Sunday

13th Oct 2019

Opinion

Italian MEP candidates scaremongering on immigration

  • Migrants from Africa in the Mediterranean (Photo: AFM)

The politics of fear are taking the stage in the upcoming European elections in Italy. Scaremongering is being used by representatives of both the majority and the opposition, by leaders of the European People's Party Forza Italia and populist parties, as well as by high-level government officials.

For example, last month Angelino Alfano, Italian Minister of Home Affairs claimed: "Italy is under strong migratory pressure. Between 300,000 and 600,000 migrants are ready to leave from the Libyan coasts."

Read and decide

Join EUobserver today

Support quality EU news

Get instant access to all articles — and 18 year's of archives. 30 days free trial.

... or join as a group

And Giovanni Pinto, head of the Italian Immigration and Border Police agency said: "At least 800,000 migrants are about to depart the North African coast for Europe." He later admitted that those numbers were "not a concrete projection" but only "an estimate of the potential base of would-be immigrants".

MEP Iva Zanicchi, a Forza Italia candidate for the 25 May election, also stoked fears when referring to an influx of immigrants: "Remember this word: ebola. It's coming. Yes folks, there is cholera."

And Populist Beppe Grillo, leader of the M5S party, last week played the immigrant card: "The problem … [are] those who come from the east. [With Bulgaria and Romania] a bargain was made: the gypsies came to Italy and the companies opened factories there."

Waving the threat of an 'alien invasion' has been a permanent feature of populist political discourse across Europe in recent electoral campaigns, whether for European, national or local elections.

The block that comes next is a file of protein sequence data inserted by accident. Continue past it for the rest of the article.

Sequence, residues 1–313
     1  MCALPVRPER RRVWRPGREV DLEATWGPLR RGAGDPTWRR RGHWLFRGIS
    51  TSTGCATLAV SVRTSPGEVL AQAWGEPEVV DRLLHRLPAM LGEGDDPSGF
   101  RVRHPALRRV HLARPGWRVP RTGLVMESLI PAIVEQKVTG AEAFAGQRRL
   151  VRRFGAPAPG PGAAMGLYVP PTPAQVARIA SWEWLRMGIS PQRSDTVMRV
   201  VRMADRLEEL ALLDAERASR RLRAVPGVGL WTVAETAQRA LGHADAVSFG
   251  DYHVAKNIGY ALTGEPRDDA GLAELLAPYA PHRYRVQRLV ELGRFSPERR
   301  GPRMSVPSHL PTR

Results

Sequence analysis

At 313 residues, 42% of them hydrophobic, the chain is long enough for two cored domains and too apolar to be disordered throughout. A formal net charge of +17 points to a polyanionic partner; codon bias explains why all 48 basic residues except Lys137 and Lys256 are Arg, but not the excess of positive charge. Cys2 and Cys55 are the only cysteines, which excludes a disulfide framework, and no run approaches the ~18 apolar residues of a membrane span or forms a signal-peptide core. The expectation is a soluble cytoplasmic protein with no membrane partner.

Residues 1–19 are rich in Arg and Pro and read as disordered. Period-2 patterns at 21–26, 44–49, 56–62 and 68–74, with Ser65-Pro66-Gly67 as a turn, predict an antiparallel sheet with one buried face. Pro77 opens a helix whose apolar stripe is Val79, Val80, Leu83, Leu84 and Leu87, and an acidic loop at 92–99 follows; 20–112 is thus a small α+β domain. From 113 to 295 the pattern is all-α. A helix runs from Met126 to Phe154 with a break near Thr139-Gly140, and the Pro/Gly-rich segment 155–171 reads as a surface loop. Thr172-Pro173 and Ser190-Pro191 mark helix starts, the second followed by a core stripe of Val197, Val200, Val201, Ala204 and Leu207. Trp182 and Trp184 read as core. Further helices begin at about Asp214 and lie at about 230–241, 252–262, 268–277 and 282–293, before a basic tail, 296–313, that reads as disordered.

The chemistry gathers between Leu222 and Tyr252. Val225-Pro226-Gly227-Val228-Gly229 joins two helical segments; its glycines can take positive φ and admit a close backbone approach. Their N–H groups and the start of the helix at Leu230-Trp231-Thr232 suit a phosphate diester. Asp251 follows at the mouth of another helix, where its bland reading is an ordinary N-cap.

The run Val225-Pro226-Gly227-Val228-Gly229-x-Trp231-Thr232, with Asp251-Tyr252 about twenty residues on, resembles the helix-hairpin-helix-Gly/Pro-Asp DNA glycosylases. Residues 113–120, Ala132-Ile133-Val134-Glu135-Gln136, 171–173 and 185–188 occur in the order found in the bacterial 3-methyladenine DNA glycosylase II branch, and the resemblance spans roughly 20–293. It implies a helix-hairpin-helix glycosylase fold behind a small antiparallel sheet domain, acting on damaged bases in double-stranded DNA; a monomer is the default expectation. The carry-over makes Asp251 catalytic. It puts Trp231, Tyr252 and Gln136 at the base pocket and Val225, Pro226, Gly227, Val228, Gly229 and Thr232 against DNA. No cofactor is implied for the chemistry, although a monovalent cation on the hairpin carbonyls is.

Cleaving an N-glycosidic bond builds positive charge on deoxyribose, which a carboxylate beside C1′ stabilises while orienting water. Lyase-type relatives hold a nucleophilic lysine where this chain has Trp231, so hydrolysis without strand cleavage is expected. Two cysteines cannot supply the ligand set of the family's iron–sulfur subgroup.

Nevertheless, there is something new this time in Italy: a European dimension which was almost totally missing in previous campaigns.

This time Italian politicians are urging EU institutions, rather than the national government, to declare a war on (illegal) immigration or to at least strengthen the protection of external borders, making Europe a real fortress.

Migrants and refugees continue to be scapegoats, but the final target has changed: it is the European Union itself.

Eurocritics have good arguments. On one hand, immigration policies undoubtedly need to be European as Italy's borders are EU borders. Most asylum seekers entering Italy are not aiming to stay; they would rather try to reach countries that guarantee better living conditions and work opportunities or where their relatives and friends are already established, mostly France, Germany or the UK.

On the other hand, the costs of search and rescue operations at sea are high: the current operational costs of the humanitarian and military mission covering the Mediterranean Sea, 'Mare Nostrum', are over €9 million per month.

Claims for more organisational and financial support to help Italy to control the EU's external borders and the request to other member states to 'share the burden' of the influx of refugees and immigrants sound reasonable.

Blaming the EU for every possible thing is thus an easy way to gain consensus.

The 'scary migrants' campaign, however, fails to take into consideration basic data.

Neither Minister Alfano nor Forza Italia nor M5S candidates have ever mentioned that the EU has already transferred more than €80 million to Italy for migration management.

The existence of a Frontex mission (the EU border agency) in the Mediterranean Sea is scarcely known. The fact that Italy, with a population of 60 million, hosts less than 30,000 refugees and asylum seekers while Sweden, with a population of 9.5 million, hosts more than 50,000 is simply ignored.

Most importantly, anti-EU campaigners fail to recognise that the absence of a genuine European policy on immigration and external borders is not a demonstration of EU wickedness; it is a consequence of member states' jealous defence of their national sovereignty.

If we are to have a common immigration policy then we have to ask for deeper EU integration instead of asking 'evil Brussels' to leave us alone.

Common immigration and border policies imply common foreign, social and labour policies. Urging the European Union to 'take its responsibility', whilst denying the need for a genuine political union and asking for less interference in internal affairs, is nothing but a trick.